City to improve Lynbrook pedestrain safety


Photo by Catherine Zhou.

Bulb-outs, our sidewalk extensions, will be installed at the intersection of Donington Drive and Johnson Avenue just outside the Lynbrook main entrance.

Audrey Sun, Staffer

To improve pedestrian safety and reduce traffic speed, the City of San Jose is proactively taking measures to add bulb-outs, or curb extensions, to the sidewalks at the intersection of Donington Drive and Johnson Avenue between Lynbrook and Rainbow Park. Through the work of San Jose Vice Mayor Rosemary Kamei’s office and the Department of Transportation, the city also plans to create a safety plan for all public and private schools in San Jose. 

“Lynbrook is an area where we have gotten community concerns about traffic and how fast the cars are going,” San Jose Vice Mayor Rosemary Kamei said.

The T-intersection of Donington and Johnson experiences heavy traffic during peak hours of student drop-off and pick-up times, rendering it a hazardous area for bikers and pedestrians. These bulb-outs will narrow the road to force drivers to slow down, increasing pedestrian safety by offering a buffer area from cars. Bulb-outs are just one of the many features that the city has implemented in the community to ensure pedestrian safety.

“I think the addition of bulb-outs will be helpful to students who walk to school because it will provide more room on the sidewalk, which will make it safer for us,” junior Cyrus Wong said. 

To establish safer speed limits for pedestrians and bikers, DOT has employed a dedicated consultant to update engineering and conduct traffic surveys to reevaluate what should be the appropriate speed limits around school campuses. The city sources its data by sending out surveys to school principals, which allows them to identify specific issues related to each school and understand the needs and concerns surrounding its facilities.

“We’re locating areas around schools to see if there have been incidents with pedestrian crashes or if cars are driving faster than speed limits,” Kamei said.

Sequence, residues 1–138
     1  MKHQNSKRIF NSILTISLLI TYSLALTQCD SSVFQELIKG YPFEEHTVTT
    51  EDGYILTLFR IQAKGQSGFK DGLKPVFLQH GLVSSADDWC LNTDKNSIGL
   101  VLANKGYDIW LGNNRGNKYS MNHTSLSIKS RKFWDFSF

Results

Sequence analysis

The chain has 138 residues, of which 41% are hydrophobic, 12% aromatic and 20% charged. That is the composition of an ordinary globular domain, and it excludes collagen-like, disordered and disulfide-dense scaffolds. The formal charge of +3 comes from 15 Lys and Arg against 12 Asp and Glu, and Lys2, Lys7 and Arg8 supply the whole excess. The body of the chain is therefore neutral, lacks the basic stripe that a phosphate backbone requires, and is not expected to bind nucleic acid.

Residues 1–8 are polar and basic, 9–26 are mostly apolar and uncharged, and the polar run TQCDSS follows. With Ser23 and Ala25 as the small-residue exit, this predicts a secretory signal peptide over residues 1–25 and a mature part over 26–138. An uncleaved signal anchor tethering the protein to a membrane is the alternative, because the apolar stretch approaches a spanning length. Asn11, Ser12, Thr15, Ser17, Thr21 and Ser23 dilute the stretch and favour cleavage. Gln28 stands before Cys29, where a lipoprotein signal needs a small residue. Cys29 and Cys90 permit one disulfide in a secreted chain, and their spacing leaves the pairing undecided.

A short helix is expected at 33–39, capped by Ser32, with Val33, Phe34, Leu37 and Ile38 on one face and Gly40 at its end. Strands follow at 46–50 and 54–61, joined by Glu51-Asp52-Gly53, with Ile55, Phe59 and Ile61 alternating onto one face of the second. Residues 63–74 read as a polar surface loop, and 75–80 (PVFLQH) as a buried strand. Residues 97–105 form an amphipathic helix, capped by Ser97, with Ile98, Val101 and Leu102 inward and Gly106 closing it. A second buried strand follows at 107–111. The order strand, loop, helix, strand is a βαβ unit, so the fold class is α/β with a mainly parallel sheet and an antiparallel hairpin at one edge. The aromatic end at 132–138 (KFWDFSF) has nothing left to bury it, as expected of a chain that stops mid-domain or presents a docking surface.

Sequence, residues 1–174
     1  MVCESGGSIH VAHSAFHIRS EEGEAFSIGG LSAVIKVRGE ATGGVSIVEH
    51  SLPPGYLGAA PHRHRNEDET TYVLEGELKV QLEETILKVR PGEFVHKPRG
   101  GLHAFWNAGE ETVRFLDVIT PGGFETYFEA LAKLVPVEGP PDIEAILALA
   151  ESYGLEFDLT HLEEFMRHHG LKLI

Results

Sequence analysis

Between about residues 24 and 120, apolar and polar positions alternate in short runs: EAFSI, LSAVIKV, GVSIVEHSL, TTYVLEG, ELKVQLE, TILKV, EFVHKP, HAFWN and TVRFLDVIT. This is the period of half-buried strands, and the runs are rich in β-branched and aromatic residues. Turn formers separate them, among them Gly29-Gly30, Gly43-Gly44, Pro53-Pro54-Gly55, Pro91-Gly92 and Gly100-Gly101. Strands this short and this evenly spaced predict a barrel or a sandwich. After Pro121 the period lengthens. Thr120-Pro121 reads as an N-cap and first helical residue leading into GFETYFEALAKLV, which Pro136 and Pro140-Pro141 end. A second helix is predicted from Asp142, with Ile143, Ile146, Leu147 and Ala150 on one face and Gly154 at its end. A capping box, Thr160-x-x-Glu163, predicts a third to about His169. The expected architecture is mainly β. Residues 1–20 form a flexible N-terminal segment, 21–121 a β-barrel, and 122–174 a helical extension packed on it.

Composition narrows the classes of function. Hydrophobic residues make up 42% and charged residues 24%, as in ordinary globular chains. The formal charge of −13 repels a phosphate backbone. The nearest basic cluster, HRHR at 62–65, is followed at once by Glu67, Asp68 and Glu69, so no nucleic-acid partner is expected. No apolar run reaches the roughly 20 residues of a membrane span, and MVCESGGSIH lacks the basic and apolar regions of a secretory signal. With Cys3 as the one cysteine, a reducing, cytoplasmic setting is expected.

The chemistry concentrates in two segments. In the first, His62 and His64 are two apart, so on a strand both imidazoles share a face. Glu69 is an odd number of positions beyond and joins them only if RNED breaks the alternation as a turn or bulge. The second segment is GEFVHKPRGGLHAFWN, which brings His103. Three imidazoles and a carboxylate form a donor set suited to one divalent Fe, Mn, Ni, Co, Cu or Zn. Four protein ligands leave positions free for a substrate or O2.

Lynbrook is in an area which has received particularly numerous community concerns about the speed of traffic. A report of a student that was hit by a car during the 2021-22 school year was also a spark for the city to take the safety of student pedestrians more seriously. Due to this incident, DOT has planned to lower the speed limit near Lynbrook’s main entrance on Johnson Avenue to 30 mph, but are awaiting the outcome of the study to make a final decision. 

“Slowing down the speed limit will help to a degree, but people should be driving closer to a 25 mph limit any time they are close to schools that are in session,” Lynbrook crossing guard Tim Wehner said. “It might help community members, both elderly folks and younger children, who may cross further up Johnson towards Bollinger, which is great.” 

In addition to the new safety measures the city is taking, Wehner suggests that drivers and pedestrians know the rules of the road as well as practice patience when the rush is on. Earbuds and phones are an unnecessary distraction for the 90 seconds or so it may take to cross any busy intersection. 

“The risk-reward between a tardy and someone being severely injured is not worth taking,” Wehner said. “Parents can consider leaving the house earlier, and perhaps dropping off their student a few blocks away from the school, which could alleviate congestion.”

In June, DOT is expected to finish developing a school safety work plan with data from public and private schools.